Marcus says that if this is to work, it can’t be political. Branwen says everything is political. Just trying to protect Neverwinter is already a political goal, all by itself. If we succeed, Neverember will try to claim credit, and we’ll end up helping him. Everyone sees the discussion is going nowhere, though, and we break off the organizational discussion. My personal take is that it might be nice to have some sort of public adventuring company identity for purposes of branding, but I don’t much care for secret societies. I can do intrigue, but I don’t like it. I don’t enjoy remembering which lie to tell and constantly trying to balance my loyalties. That was least fun part about my old home — well, okay, behind the constant obedience to minions of our dark Demon Goddess, the intrigue was the second least fun part.

Speaking of threats, we decide to go down the list of major power players in the region and their known pawns:

* Or, perhaps the expedition in the River District; hopefully not the whole kingdom

Ho-ho-ho at that last minion. In discussing it, we all agree that the Abolethic Sovereignty is probably the greatest threat. We figure it’s second in power to the trapped primordial, but far more active. However we just gave them a good punch in the noise, so it might be prudent to push on one of the others.

But since I’m the pawn of Iliyanbruen and all, I make the case for investigating the crashed Netherese city we’ve heard about. It could be two goblins, one blade, if we can get proof that the Netherese looted the Iliyanbruen ruins. Remove them as a threat to the city, get them to take out the Netherese (or at least help). Everyone agrees.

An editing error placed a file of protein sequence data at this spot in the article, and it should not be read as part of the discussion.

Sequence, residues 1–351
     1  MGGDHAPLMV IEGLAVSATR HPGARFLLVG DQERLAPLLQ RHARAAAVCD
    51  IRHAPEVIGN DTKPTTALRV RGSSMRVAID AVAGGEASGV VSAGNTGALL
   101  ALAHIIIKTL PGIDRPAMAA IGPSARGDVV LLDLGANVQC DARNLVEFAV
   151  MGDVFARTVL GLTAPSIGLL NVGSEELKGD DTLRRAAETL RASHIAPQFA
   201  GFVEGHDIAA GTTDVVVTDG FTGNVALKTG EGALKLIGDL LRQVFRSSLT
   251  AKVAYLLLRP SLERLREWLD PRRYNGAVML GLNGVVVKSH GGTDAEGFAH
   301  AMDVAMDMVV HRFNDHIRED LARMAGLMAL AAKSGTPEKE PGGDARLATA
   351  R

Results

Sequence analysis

We head out for one day down Edel’s Creek and then set camp. There is a different sort of darkness clinging around us. The heat of the streams have made the forest misty and even humid, but now it turns cold and clammy. No sun breaches the canopy and it gets darker well before the sun is setting. It’s being influenced by the Shadowfell, but not bleeding in.

Trying to fill the silence, I ask Marcus if he likes religion. I notice he gets a sour look on his face when the gods are mentioned. He confirms my suspicions by saying there’s not much sense wasting time on the gods. I push back and ask if they aren’t our leaders. Marcus says leaders generally aren’t worth following. Branwen says that the gods can be useful and if you approach them properly, they will do things for you.

So then I ask Valtha why she follows Dumathoin, and Valtha says that at a certain point you must determine things that are true for you. She follows Dumathoin because she has decided to believe in him and what he stands for, even in the absence of any rewards for it. She says that everyone must anchor themselves on certain core beliefs, and asks if that isn’t the reason that Marcus does the things he does, because of a core belief that evil must be fought.

I wonder, what are my core beliefs? Let’s see what comes up, speaking off the top of my head: Lloth is terrifying, beautiful things need no justification, stick up for your allies, don’t let anyone cross you twice, and don’t spend your life doing things you don’t enjoy. Hmmm.